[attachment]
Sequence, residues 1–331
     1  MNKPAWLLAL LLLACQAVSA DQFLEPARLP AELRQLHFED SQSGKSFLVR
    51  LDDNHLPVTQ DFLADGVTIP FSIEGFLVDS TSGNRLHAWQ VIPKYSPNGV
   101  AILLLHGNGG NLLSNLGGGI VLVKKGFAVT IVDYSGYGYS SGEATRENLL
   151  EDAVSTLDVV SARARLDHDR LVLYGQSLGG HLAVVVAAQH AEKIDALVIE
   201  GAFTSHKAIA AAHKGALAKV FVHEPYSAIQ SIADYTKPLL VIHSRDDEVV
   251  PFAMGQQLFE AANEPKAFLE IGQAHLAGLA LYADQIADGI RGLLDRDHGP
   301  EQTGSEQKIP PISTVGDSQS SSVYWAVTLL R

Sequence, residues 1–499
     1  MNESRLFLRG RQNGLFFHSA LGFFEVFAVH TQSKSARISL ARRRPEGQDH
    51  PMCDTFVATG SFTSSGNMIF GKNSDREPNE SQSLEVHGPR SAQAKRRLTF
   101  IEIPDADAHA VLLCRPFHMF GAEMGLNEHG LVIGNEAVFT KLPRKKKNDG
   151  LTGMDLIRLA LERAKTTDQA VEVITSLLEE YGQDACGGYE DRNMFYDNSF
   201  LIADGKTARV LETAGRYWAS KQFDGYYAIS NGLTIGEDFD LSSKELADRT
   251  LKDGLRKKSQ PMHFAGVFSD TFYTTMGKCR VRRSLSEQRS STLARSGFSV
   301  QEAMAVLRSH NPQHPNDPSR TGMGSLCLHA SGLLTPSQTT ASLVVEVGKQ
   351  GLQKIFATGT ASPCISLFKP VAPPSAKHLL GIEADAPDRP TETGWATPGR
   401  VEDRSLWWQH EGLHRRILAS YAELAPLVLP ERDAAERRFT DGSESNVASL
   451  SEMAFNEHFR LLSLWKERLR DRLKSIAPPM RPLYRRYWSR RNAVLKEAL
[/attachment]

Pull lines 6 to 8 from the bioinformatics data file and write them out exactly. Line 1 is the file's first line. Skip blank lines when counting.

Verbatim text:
   201  GAFTSHKAIA AAHKGALAKV FVHEPYSAIQ SIADYTKPLL VIHSRDDEVV
   251  PFAMGQQLFE AANEPKAFLE IGQAHLAGLA LYADQIADGI RGLLDRDHGP
   301  EQTGSEQKIP PISTVGDSQS SSVYWAVTLL R